Designer Tips

How to Use Prints and Pattern with Confidence

How to Use Prints and Pattern with Confidence
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Unlike a solid or a fail-safe neutral, prints and patterns can be intimidating, especially if your space has more than a few modern touches. Inspired by our collaboration with Sister Parish Design, a reimagining of some of our favorite fabrics from the legendary decorator’s archive, we created rooms that prove just how easy it is to incorporate touches of print and pattern into modern-day spaces. The verve these textiles, which were first created some 50 years ago, add to any room is a true testament to the timelessness of great design.

Enlivening the Living Room

As the mother of American Country style, a reimagining of English country for an American way of life, Sister Parish would have no doubt approved of  the traditional English-roll arm of this sofa, which visually grounds the room. The fabric used to cover it gives off a playful and inviting air. Combined with a modern bubble light fixture, sculptural plants, and some Rothko-esque artwork casually leaning against the wall, the pattern reads more graphic than trad. The addition of a mismatched but equally lively throw pillow nods to Sister Parish’s love of seemingly haphazard pattern combinations.

Balancing a Heavy Mantel

Pattern doesn’t have to be all boom-pow. These shapely skirted slipper chairs are covered in the subtlest print imaginable, which adds just the right hint of airy texture to the space in front of a major mantel. The real pattern play is reserved for the pillows, art, and dhurrie rug. With sets of chairs, using different accent pillows is an easy way to mix up the matchy-matchy vibe and keep the eye moving around the space.

Maximizing a Kitchen Nook

Patterns of a similar density, tone, and scale can be easily combined without the look veering into misguided mash-up territory. Here, a kitchen nook is home to a half-dozen patterns, but the overall look is calm and cohesive. The clean lines of the cubes, the contemporary pendant, and the graphic print all act as a counterbalance to the natural sweetness of some of the prints, while an antique table anchors the space with a bit of gravitas.

Upgrading a Playroom

Incorporating a traditional-leaning pattern and a classic shape into a space where they’re least expected, in this case a sweetly mod playroom, can be just what a room needs to keep it from feeling one-note. The swirling, irregular vine print on these skirted ottomans brings a jolt of energy to the more simplistic shapes of the table and the wallpaper. In a corner of the room, the seriousness of an antique chair is taken down a few notches with the use of a casual fabric, a decorating trick that was one of Sister Parish’s signatures.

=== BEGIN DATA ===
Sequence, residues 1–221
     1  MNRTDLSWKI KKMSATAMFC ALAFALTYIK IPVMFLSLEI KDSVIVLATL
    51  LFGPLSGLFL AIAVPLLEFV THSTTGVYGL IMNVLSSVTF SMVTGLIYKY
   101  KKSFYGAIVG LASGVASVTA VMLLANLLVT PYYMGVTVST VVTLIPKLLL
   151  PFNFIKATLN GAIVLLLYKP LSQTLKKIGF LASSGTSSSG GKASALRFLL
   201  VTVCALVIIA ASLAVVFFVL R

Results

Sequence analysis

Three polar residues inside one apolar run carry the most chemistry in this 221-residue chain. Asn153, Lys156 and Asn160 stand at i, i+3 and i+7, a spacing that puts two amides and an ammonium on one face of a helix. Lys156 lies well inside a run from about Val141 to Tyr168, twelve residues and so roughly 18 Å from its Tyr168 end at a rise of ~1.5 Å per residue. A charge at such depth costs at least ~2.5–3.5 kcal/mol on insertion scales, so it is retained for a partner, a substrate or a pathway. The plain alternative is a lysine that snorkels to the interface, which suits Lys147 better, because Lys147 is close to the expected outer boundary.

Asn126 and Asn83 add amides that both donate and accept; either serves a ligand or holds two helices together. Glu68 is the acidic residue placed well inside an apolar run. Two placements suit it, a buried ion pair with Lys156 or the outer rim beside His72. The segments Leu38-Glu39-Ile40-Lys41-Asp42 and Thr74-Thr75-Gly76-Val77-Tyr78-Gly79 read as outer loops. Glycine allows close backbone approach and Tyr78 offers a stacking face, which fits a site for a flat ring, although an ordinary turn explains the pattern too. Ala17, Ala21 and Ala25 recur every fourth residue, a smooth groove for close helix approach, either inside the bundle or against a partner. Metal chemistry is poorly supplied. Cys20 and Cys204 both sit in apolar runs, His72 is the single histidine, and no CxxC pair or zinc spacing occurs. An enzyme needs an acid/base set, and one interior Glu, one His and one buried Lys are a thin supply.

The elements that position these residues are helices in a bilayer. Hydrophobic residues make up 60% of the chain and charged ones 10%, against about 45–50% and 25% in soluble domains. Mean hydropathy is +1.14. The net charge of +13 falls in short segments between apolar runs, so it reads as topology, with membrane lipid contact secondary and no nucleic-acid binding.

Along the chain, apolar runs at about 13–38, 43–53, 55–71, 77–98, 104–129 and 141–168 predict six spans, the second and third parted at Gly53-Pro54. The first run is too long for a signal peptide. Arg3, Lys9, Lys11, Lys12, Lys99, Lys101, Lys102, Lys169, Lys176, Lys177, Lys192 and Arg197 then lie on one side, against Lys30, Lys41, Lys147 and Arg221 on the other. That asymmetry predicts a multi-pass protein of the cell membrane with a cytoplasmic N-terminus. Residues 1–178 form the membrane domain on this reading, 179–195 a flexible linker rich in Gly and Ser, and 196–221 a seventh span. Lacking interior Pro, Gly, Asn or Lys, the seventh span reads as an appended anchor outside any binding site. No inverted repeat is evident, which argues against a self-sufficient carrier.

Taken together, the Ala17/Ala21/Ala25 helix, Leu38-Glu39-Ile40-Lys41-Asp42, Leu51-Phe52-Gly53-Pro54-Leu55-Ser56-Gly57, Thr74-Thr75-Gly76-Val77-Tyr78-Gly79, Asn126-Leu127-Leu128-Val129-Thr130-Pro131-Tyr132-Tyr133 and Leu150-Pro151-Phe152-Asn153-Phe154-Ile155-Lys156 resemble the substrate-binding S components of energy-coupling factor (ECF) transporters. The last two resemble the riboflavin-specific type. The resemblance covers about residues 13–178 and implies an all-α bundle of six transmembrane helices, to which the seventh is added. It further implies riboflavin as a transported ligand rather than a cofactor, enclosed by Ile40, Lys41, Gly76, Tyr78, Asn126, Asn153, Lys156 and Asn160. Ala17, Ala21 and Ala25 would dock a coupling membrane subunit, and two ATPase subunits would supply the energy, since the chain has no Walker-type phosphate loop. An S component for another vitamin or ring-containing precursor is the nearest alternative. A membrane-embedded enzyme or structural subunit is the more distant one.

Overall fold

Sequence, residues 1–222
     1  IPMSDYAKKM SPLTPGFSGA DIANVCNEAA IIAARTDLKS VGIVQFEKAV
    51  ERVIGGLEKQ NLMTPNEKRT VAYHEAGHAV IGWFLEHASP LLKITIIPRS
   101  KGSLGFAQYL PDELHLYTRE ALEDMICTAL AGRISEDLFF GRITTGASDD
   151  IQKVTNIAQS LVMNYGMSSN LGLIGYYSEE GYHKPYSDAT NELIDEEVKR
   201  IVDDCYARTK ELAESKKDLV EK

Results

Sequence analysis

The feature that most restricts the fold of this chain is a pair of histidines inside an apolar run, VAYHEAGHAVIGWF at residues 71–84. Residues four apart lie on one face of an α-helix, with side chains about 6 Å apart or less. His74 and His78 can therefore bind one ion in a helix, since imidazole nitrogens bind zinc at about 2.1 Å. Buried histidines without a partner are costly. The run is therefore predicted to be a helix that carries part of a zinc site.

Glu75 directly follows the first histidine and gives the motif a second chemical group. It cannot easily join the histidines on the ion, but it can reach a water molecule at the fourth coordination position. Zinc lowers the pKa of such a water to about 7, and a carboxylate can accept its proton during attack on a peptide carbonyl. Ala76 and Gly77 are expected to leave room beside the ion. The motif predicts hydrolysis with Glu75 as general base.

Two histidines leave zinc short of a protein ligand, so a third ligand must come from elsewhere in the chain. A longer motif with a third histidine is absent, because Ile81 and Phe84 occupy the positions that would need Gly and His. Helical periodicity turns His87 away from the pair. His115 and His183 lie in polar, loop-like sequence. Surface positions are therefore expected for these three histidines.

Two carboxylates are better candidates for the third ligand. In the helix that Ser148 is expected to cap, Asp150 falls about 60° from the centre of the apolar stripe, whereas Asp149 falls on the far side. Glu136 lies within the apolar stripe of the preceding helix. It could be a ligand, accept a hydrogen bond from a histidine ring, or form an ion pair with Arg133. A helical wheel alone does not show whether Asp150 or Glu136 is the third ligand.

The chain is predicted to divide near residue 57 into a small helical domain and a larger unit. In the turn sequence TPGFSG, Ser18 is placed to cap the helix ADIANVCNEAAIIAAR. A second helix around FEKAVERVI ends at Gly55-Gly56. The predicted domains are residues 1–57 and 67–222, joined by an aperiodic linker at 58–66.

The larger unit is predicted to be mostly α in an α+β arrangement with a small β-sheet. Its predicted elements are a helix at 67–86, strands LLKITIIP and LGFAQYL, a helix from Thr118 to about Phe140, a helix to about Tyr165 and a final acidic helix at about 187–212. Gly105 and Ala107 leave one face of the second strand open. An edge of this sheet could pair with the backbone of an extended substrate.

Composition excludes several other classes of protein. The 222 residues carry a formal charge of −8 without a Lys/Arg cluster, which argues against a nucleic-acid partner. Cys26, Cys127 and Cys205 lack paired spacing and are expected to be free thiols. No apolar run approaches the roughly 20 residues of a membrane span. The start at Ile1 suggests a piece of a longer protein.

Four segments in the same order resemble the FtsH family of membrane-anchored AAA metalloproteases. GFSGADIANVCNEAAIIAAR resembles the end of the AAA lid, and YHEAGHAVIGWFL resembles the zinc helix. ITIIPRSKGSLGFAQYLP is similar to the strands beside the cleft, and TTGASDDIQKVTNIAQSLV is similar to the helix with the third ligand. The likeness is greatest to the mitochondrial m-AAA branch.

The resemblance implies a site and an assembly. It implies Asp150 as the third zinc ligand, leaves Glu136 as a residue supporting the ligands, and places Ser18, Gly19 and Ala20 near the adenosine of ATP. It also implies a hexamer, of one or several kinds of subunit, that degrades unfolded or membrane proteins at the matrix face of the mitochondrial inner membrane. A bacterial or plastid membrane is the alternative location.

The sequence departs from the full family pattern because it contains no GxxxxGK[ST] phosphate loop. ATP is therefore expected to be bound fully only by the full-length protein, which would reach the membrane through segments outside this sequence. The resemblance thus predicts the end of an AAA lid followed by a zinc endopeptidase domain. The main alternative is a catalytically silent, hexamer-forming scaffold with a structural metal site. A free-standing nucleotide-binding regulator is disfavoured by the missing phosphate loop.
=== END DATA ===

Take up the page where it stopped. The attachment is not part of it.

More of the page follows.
Some think a decorator should change a house. I try to give permanence to a house, to bring out the experiences, the memories, the feelings that make it a home.

— Sister Parish

More Decorating Lessons from Sister Parish

Start Collections
Sister Parish started her first collection, Staffordshire figures, as a little girl, and groupings of interesting objects gave her interiors layer and interest. Everything she loved was amassed in multiples, including porcelain fruit, American flags, wicker baskets, and much more.

Keep It Loose
When it came time to install a project, Mrs. Parish was known to throw the carefully detailed floor plan out the window and just trust her instincts as to where each piece belonged, moving things around until she was happy. This is a good reminder to keep things fluid until you find your perfect setup.

Be Timeless, Not Trendy
“From the beginning, I never followed trends,” said Mrs. Parish. “If I was aware of them, I didn’t care, for I believed as I do now, the rooms should be timeless and very personal… I have never developed a look or followed a trend, because I knew that every person’s life differs from every other, and everyone’s needs are therefore different.”

Perfection Is Overrated
The rooms that Mrs. Parish designed were often quite grand, but their lack of preciousness is what kept them feeling inviting. “She taught me the it doesn’t have to be perfect. That it doesn’t have to match,” says Libby Cameron, a protégé of Sister Parish’s. “To follow your instincts.”

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